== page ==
Author: Yip Kevin HK , Smales Roger J , Kaidonis John A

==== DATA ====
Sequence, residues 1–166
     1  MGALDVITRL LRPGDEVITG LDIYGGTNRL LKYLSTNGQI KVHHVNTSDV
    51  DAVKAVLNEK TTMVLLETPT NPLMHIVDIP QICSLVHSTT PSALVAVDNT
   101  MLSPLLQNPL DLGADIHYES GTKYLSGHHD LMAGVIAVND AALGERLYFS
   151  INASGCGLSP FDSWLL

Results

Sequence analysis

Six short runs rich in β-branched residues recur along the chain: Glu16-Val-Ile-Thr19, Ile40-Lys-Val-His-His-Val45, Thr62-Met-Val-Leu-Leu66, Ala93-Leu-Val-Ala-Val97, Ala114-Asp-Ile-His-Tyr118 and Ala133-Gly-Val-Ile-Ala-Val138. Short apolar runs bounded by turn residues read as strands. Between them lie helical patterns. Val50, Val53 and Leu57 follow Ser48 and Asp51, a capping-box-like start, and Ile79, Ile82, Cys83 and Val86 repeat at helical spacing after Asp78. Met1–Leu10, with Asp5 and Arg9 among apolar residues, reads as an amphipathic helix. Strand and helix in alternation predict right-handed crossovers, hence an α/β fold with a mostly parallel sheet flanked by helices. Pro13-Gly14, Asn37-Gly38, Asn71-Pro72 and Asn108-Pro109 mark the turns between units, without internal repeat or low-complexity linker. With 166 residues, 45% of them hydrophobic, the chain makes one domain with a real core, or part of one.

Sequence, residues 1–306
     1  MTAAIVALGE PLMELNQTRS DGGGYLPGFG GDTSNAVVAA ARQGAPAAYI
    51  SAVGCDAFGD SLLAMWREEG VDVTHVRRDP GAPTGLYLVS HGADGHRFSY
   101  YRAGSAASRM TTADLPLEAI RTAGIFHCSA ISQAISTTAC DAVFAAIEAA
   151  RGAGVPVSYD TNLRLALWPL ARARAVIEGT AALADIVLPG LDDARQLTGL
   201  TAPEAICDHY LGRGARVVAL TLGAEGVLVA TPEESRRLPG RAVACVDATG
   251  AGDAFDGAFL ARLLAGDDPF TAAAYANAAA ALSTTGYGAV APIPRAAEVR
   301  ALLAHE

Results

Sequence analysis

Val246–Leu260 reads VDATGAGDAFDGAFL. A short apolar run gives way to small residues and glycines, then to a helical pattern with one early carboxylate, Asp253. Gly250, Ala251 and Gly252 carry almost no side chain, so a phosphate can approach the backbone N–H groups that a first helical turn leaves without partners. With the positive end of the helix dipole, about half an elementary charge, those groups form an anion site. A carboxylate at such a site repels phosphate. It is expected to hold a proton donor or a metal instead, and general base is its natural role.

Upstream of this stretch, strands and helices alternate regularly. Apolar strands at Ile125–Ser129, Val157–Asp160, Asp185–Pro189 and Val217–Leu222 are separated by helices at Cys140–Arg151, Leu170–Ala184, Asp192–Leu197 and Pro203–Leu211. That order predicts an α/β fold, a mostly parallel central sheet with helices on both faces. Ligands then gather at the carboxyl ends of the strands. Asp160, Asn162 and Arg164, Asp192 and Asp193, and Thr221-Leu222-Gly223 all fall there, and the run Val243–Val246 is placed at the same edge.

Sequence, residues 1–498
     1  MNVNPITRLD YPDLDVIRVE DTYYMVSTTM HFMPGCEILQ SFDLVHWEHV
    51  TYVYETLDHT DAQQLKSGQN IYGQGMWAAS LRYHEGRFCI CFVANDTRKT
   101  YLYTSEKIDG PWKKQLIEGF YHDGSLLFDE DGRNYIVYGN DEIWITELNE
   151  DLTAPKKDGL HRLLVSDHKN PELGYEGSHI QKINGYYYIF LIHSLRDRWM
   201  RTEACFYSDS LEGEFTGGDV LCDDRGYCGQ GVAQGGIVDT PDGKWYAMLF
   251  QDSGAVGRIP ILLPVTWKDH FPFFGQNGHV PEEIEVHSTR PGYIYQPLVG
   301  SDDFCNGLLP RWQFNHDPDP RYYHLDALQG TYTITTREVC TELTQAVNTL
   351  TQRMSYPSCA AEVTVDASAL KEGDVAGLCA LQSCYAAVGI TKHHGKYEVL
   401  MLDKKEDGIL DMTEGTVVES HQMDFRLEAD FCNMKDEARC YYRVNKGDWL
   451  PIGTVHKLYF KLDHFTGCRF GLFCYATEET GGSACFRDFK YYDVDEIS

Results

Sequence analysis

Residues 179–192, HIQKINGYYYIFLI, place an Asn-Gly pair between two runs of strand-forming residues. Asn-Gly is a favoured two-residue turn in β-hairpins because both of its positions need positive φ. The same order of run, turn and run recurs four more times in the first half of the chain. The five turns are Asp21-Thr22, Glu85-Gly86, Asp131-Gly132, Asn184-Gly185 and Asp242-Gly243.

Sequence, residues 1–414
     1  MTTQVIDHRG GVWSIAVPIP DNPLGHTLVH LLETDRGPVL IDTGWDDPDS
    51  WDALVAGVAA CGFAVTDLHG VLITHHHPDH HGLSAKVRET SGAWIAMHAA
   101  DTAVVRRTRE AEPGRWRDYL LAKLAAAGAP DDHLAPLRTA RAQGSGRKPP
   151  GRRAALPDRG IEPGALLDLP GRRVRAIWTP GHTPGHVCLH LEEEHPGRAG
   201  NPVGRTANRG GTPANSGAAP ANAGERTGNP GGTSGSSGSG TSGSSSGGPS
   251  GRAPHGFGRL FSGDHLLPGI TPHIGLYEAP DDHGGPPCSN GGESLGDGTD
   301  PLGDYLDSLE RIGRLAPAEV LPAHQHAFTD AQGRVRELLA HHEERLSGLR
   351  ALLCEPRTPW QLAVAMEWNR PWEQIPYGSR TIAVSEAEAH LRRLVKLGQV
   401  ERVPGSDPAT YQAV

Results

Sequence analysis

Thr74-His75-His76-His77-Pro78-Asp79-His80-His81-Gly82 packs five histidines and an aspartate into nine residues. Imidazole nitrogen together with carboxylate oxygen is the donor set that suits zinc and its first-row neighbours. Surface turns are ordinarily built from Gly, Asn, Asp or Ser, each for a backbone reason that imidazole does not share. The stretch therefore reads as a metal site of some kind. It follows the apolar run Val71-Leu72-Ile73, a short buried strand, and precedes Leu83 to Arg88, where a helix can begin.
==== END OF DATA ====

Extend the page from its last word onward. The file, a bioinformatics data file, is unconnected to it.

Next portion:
Tooth surface loss from acid erosion, or corrosion, is now recognized as a major cause of tooth wear. Increasingly, advanced erosion from endogenous and exogenous acids is affecting the teeth of even young children. Because many people also are retaining their natural teeth into old age, and are taking multiple medications for various ailments, the effective management of increased tooth wear is becoming a significant problem. Unless halted, erosion may lead to widespread exposure of dentin with resulting unsightly appearance of the teeth, hypersensitivity and reduced masticatory function. The costs of treatment and rehabilitation may then be considerable. Erosion frequently coexists to varying extents with other tooth wear processes, such as abrasion and attrition, but erosion is often not recognized as being present or is confused with other wear mechanisms. Evidence of erosion and hyposalivation should be investigated carefully in all instances of tooth wear. The aim of this book is to inform dental practitioners, other health care professionals and students of the causes and treatment of tooth surface loss from erosion. Chapters are presented as a series of extensively-referenced articles, which include information on the importance of the oral environment and lifestyle behaviors in influencing tooth erosion, and practical information on the prevention of tooth erosion and the restoration of lost tooth substance. Some information is repeated briefly for convenience in the chapters on the treatment of different situations involving tooth erosion. Although there are numerous books available on dental caries, which has a significantly-decreased prevalence now in many countries, there are few succinct texts available on tooth wear, and particularly on tooth erosion.
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